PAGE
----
GIANT WOOD WASP
©Jon and Family
The dozen species of wood wasps in California, Oregon, and Washington look similar. They are large insects, generally 1 inch or longer, and are wasplike in appearance but have an elongated, cylindrical body without a noticeable constriction or “waist.” They often are black or metallic dark blue or in combinations of black, red, and yellow.
They make a noisy buzz when flying.
The male and female have a similar body shape, except the female is larger and has a long egg-laying apparatus (ovipositor) that can exceed her body length. The female can use her ovipositor only for egg laying; she can’t use it to sting in defense. Although these pests can chew through wood, they don’t bite people.
A female wood wasp drills her ovipositor nearly 3/4 inch into the wood of a weakened or dying tree and lays 1 to 7 eggs. At the same time, she squirts in a fungus from her abdominal gland. She continues this process, laying up to 200 eggs.
Eggs hatch in 3 to 4 weeks, and larvae tunnel into the fungus-predigested wood parallel with the grain. Larvae are legless, cylindrical, whitish, and have a spine at the tip of their last abdominal segment. As they chew, larvae use a spine at the tip of their abdomen to help push themselves forward, through the wood. Larvae begin eating the softer wood (sapwood) just beneath the bark, following the fungus into the heartwood, then return to the sapwood to complete their feeding.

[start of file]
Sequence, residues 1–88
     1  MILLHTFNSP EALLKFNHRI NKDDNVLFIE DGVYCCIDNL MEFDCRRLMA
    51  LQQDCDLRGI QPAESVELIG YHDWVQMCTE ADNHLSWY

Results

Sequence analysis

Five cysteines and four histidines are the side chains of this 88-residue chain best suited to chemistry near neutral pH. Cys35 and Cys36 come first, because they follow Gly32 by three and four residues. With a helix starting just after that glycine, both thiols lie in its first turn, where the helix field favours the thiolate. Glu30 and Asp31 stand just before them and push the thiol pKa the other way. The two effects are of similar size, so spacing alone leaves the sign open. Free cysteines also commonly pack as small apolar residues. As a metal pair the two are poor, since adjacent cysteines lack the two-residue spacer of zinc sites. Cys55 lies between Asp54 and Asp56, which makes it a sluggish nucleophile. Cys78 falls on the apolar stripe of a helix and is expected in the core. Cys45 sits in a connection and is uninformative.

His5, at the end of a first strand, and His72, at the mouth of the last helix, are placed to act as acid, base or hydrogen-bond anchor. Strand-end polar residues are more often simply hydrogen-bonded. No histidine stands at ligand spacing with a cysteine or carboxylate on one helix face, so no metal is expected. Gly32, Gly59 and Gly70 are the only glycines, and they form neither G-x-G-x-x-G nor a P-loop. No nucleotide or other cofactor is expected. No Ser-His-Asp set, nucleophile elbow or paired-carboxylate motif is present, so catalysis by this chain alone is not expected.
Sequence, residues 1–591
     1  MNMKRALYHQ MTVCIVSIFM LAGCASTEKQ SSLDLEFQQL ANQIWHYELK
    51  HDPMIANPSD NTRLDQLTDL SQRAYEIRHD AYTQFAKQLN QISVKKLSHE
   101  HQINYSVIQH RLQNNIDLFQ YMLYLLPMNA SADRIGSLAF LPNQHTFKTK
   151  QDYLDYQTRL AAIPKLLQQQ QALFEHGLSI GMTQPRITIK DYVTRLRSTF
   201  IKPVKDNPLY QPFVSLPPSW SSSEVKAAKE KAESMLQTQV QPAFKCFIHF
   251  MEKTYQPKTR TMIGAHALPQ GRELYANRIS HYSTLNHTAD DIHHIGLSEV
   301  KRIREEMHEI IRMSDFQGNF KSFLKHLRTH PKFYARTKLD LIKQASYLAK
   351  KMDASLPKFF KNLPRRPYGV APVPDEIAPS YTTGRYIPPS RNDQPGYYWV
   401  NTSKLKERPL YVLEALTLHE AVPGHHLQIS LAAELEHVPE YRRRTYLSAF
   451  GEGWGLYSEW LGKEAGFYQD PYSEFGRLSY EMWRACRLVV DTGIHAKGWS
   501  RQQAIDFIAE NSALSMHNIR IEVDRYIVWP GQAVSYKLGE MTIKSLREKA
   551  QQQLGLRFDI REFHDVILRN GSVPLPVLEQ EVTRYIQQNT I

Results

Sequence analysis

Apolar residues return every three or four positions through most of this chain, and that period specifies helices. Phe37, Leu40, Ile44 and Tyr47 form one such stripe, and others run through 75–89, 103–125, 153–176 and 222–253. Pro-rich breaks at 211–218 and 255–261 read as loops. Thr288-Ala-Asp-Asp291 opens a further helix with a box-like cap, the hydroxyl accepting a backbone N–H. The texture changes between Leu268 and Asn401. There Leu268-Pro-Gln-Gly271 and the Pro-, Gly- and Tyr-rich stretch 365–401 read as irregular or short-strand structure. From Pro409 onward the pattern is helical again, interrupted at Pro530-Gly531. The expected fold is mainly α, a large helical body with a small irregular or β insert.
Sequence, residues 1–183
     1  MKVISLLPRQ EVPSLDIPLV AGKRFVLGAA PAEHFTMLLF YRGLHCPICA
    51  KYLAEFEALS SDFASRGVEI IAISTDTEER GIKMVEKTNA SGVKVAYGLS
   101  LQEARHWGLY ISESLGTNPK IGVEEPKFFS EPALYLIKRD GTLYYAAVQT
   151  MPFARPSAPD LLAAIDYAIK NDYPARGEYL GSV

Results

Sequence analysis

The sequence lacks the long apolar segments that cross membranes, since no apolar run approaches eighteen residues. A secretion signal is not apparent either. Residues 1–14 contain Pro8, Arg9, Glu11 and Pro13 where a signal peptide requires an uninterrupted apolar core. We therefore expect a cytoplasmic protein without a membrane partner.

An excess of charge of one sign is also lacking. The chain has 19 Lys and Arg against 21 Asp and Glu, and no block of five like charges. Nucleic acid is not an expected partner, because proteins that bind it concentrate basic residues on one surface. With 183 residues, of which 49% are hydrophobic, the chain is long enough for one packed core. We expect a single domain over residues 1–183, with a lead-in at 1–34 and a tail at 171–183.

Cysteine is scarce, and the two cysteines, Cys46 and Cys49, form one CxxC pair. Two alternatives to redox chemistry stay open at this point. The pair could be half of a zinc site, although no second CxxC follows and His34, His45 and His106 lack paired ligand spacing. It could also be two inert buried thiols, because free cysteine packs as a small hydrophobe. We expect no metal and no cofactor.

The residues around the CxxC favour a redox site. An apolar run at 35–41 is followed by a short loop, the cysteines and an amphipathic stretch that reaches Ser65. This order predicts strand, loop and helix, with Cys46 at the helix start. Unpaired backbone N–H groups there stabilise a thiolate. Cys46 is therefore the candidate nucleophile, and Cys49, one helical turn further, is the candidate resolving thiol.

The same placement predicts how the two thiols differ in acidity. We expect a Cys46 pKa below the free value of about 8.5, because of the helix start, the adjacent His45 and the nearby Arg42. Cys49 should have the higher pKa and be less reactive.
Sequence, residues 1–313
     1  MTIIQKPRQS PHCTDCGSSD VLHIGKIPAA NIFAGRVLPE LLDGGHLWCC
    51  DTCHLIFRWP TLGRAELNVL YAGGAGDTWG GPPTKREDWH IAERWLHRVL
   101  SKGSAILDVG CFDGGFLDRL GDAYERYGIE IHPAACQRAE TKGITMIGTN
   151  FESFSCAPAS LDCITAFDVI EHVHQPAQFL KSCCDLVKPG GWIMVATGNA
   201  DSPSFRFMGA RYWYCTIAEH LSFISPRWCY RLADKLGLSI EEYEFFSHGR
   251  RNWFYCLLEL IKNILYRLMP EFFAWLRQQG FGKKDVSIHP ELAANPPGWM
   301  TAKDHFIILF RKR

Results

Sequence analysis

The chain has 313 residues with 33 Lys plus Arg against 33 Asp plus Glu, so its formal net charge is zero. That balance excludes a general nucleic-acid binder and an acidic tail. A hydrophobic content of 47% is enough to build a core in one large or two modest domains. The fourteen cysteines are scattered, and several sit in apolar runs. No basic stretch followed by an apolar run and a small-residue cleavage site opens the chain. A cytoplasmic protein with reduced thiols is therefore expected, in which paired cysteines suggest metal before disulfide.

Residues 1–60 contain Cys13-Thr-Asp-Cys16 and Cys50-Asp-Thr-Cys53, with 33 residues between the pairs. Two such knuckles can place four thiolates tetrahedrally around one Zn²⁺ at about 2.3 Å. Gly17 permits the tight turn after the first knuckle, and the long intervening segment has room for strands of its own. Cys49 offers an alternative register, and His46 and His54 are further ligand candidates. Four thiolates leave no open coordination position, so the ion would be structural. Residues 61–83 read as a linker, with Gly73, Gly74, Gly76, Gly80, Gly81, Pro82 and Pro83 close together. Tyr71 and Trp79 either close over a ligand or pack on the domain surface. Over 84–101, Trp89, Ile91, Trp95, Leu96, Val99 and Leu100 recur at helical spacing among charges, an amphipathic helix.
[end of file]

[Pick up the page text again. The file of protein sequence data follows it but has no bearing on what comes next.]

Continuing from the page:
Larval feeding continues through 5 or more immature stages, which take at least a year and as many as 5 years in cooler climates to complete. The tunnel, or gallery, usually measures 10 to 12 inches long at completion.
Pupation takes place at the end of the gallery. After 5 or 6 weeks as a pupa, the adult emerges by chewing through about 3/4 inch of wood, leaving a round exit hole 1/4 to 1/2 inch in diameter.
For @lordwozz, please let me know if this could be what you were asking about…it doesn’t look similar to the description, but the behavior is similar…
Fact Source: http://www.ipm.ucdavis.edu/PMG/PESTNOTES/pn7407.html
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